I hope that the enclosed 3-views could be useful to you....antigravite said:Yes, I need to make a model of X-37 but have to prepare the workflow well in advance of other illustrative works I'm sucked in. Antigravite is a advanced art & design studio. More to come soon...
http://www.aviationweek.com/aw/generic/story.jsp?id=news/aw080408p2.xml&headline=USAF%20To%20Launch%20First%20Spaceplane%20Demonstrator&channel=awstThe mission will use an Atlas V Eastern Range slot that had been reserved for the launch of NASA's Lunar Reconnaissance Orbiter and Lunar Crater Observation and Sensing Satellite. That flight is now slated for February-March 2009 (AW&ST July 28, p. 30).
The first flight of the X-37B, to be launched on top of an Atlas V booster, was originally scheduled for late 2008, but has been postponed serveral times. At the time of this writing, quoted time frames include late 2009 or even 2010.
I'm not sure I see the point of this program. What is it actually demonstrating that's a "hard" enough to justify the expense? Nothing that I can see. Sure, the H2O2/JP engine is nice and all, but not that nice. It's no more useful than a straight expendable launcher for putting something up, and the bring back capability isn't too hot either. It's not made for closure and rendezvous, which rules out a lot of things. There's nothing about it that I can see which would justify an orbital flight test.airrocket said:X-37 shows up piggy back on numerous DOD TSTO hypersonic concepts.
The only thing "significant" I can see is the propulsion system. A throttleable, restartable, storable propulsion system would make some sense if this were an operational vehicle that they planned to keep on orbit a while. I could maybe see this being used to service Orbital Express operational satellites, but why make it reusable?blackstar said:You are not the only one. It is a very confusing program.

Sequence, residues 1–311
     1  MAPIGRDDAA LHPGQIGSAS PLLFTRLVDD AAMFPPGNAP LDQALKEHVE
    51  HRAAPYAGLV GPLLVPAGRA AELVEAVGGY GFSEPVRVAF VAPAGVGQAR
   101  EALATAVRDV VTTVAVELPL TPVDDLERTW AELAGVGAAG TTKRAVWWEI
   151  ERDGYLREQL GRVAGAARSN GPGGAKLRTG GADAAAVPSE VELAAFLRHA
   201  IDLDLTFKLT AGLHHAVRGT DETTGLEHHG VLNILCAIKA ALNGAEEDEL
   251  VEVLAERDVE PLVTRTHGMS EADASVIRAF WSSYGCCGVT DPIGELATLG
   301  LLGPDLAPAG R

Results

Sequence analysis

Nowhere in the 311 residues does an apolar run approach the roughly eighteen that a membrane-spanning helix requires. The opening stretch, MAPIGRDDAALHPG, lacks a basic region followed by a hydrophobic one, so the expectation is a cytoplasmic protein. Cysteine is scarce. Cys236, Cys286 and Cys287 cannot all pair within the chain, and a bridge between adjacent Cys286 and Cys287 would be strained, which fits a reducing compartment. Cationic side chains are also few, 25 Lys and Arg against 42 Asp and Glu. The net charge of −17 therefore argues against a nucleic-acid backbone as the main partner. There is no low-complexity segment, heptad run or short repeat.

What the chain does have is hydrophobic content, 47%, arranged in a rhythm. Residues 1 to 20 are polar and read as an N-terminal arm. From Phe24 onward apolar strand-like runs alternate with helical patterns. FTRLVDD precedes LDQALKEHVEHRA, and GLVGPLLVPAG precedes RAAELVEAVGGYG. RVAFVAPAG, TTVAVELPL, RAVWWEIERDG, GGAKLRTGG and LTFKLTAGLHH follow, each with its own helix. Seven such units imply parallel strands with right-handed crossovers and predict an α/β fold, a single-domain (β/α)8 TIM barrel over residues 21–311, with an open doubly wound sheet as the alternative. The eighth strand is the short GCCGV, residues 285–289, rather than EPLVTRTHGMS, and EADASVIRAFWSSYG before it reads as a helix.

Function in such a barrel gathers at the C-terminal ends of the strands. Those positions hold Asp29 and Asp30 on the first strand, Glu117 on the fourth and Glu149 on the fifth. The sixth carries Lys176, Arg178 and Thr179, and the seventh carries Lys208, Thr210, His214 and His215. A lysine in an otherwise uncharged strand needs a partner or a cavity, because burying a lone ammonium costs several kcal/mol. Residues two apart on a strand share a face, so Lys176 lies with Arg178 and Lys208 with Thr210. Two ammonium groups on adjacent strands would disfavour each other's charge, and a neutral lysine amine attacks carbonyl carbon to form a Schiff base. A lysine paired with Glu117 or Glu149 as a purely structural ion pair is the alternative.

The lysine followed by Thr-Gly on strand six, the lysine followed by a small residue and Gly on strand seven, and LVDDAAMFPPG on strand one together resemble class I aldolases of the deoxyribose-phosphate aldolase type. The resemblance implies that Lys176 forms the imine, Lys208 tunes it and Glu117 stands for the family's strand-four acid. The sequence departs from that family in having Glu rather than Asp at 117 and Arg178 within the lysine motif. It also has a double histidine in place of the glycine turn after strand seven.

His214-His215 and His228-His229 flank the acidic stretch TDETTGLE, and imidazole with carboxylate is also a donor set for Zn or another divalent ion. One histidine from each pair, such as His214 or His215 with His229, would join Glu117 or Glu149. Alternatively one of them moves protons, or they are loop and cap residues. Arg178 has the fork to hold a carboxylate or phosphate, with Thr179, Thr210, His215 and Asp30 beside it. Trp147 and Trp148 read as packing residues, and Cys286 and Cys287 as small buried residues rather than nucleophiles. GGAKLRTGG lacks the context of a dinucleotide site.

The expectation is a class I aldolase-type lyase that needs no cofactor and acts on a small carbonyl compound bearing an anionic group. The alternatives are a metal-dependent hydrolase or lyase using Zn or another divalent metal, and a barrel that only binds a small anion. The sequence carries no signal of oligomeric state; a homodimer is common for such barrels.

Since it's married to an existing expendable launcher, it doesn't really satisfy orbit on demand. The payload is too small to replace any existing critical infrastructure. It doesn't buy you anything over just using an expendable launcher for these scenarios.airrocket said:It gives the air force a reusable spacecraft with a good cross range and the ability to land on a runway. Our current fleet of military support satellites are very vulnerable. We need a quick launch scenario to back-up, replace and repair our obvious inherent weakness...space based technology. This is now our weakest link. Take out our eyes and communication system in the sky and our modern electronic based military is suddenly crippled.
Ok, I'll bite. How is a reusable payload fairing enabling any new capabilities?airrocket said:It gives the air force a reusable spacecraft with a good cross range and the ability to land on a runway. Our current fleet of military support satellites are very vulnerable. We need a quick launch scenario to back-up, replace and repair our obvious inherent weakness...space based technology. This is now our weakest link. Take out our eyes and communication system in the sky and our modern electronic based military is suddenly crippled.
With reusables then indeed all bets are off. You get high flight rate and low cost per kg and then it starts making sense to bring back the satellite. I distinctly remember a DARPA RLV program within the last half year calling industry to submit something, though the specifications for the vehicle concept were overly narrow, but can't seem to locate the news piece...airrocket said:I think one needs to look at the current booster as being available for testing not as the end game plan. I have seen several renderings and studies over the past 10 years mating the X-37 to various first stage TSTO flyback boosters. Having been involved in a subscale DOD related project proposal (didn't make the cut) I can assure you that the air force has future plans that exceed what you are presently seeing in this white world test program. I see the X-37 as a reuseable space vehicle with multi-role capability looking for a booster to complete its intended mission. For the time being this is a way for the air force to acquire funds to keep there little baby alive and kicking.
C/SIC Ruddervatgor (X-37)